The Federal government (at the time, Republican) chose not to intervene and correct the situation.

Doing so would have made obvious economic sense to the nation, but would not have strengthened the in-power party's political or donor base, the latter which included parties like Enron who were benefitting from the manipulated prices.

posted by zippy at 9:51 AM on December 4, 2010 [2 favorites]

Regardless of whether I support WikiLeaks or not, I still think hosting companies and payment processing companies should honor their contracts and SLA's.

In both cases, the companies have clearly shown that WikiLeaks was in violation of their agreements...

Amazon: Amazon Web Services (AWS) rents computer infrastructure on a self-service basis. AWS does not pre-screen its customers, but it does have terms of service that must be followed. WikiLeaks was not following them. There were several parts they were violating. For example, our terms of service state that “you represent and warrant that you own or otherwise control all of the rights to the content… that use of the content you supply does not violate this policy and will not cause injury to any person or entity.” It’s clear that WikiLeaks doesn’t own or otherwise control all the rights to this classified content. Further, it is not credible that the extraordinary volume of 250,000 classified documents that WikiLeaks is publishing could have been carefully redacted in such a way as to ensure that they weren’t putting innocent people in jeopardy. Human rights organizations have in fact written to WikiLeaks asking them to exercise caution and not release the names or identities of human rights defenders who might be persecuted by their governments.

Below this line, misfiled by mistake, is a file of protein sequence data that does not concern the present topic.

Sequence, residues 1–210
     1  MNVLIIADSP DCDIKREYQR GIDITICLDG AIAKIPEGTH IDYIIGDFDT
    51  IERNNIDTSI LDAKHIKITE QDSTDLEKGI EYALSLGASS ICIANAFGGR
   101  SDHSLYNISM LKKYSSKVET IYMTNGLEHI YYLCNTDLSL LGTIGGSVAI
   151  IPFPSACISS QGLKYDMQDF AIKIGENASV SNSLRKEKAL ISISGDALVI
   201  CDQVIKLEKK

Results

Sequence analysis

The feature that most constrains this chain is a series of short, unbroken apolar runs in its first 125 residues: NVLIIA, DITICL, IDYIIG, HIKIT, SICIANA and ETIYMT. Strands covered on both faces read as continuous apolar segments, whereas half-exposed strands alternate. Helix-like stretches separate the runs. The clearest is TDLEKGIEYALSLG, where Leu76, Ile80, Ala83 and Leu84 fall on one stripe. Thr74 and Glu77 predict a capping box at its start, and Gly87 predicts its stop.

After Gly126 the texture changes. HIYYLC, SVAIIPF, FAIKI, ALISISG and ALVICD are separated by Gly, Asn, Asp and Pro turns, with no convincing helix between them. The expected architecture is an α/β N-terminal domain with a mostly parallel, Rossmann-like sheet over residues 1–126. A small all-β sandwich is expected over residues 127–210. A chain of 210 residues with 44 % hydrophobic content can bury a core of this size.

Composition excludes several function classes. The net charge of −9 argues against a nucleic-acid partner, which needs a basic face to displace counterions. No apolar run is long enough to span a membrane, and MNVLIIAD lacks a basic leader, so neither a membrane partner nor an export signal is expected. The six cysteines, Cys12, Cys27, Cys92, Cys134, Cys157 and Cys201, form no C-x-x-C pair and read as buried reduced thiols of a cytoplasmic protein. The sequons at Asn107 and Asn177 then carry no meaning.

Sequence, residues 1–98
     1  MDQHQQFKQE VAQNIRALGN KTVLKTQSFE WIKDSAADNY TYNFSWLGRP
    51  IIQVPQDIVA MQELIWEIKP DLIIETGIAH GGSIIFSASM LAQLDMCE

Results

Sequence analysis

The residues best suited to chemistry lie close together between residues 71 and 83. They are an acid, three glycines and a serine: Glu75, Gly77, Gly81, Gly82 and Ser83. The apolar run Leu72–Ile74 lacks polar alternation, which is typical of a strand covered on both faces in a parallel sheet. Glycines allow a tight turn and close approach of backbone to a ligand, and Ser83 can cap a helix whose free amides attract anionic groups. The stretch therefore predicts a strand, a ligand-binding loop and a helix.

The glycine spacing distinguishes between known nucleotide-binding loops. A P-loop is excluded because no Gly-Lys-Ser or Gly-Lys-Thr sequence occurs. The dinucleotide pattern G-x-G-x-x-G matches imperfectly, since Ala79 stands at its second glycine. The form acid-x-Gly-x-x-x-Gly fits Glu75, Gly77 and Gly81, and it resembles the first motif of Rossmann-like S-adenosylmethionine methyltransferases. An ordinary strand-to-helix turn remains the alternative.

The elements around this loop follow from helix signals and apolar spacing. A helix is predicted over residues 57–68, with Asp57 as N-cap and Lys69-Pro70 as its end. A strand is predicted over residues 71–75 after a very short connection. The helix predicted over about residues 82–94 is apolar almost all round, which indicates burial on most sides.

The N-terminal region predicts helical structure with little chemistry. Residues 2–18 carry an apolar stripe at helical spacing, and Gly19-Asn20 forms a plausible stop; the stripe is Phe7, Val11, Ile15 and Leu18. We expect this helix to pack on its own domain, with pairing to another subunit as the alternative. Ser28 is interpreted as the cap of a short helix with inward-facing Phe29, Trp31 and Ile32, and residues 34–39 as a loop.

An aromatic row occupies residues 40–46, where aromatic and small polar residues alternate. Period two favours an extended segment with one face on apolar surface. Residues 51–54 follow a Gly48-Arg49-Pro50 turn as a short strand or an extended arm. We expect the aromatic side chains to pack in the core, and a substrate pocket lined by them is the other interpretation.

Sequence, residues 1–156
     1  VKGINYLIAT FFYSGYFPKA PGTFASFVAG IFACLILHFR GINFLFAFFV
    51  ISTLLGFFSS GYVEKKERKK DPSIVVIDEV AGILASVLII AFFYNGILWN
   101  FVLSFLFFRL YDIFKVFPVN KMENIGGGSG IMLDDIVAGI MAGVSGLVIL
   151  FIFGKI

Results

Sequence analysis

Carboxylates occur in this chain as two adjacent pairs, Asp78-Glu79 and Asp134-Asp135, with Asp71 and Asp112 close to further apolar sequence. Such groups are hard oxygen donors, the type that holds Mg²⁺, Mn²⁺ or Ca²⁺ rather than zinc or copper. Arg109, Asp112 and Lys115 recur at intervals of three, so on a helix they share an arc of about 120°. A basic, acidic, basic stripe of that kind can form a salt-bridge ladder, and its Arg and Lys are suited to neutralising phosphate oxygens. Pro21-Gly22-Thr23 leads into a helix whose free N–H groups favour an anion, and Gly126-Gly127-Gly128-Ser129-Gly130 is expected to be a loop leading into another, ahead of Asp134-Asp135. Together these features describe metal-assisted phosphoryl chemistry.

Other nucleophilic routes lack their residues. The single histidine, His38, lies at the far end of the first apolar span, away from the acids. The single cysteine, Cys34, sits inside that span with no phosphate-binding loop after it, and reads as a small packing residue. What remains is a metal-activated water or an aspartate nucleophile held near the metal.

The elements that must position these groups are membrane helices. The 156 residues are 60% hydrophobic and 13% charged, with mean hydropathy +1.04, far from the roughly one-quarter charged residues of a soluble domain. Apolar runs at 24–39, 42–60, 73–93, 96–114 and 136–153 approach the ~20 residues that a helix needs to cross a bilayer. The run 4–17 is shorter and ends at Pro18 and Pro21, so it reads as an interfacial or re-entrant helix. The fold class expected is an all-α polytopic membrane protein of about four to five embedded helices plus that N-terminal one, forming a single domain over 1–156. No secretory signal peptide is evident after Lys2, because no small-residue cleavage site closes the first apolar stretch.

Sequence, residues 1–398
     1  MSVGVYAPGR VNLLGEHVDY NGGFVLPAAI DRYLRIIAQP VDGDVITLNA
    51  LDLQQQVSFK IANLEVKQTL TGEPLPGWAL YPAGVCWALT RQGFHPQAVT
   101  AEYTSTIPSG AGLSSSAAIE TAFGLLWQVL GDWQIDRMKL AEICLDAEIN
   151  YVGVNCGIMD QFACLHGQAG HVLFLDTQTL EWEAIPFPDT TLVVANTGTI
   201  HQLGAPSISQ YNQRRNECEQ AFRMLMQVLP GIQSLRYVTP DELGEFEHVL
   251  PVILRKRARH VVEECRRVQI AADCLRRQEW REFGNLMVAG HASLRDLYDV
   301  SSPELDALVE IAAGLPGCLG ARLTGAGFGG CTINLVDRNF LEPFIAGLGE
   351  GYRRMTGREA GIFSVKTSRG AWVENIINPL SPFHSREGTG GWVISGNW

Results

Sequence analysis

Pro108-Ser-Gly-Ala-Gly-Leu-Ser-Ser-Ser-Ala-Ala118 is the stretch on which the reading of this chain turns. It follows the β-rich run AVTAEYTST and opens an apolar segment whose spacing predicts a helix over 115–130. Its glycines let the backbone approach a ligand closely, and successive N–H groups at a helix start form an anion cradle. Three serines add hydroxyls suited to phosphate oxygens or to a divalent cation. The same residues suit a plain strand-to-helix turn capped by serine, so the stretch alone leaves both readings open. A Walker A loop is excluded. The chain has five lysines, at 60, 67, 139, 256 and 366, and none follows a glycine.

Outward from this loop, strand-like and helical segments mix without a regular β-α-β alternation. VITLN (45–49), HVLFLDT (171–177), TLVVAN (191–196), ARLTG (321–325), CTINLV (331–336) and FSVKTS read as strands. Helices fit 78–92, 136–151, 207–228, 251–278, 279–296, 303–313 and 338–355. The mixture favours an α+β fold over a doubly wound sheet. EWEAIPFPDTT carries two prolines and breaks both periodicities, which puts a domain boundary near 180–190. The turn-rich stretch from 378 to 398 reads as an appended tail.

We’ve been running AWS for over four years and have hundreds of thousands of customers storing all kinds of data on AWS. Some of this data is controversial, and that’s perfectly fine. But, when companies or people go about securing and storing large quantities of data that isn’t rightfully theirs, and publishing this data without ensuring it won’t injure others, it’s a violation of our terms of service, and folks need to go operate elsewhere.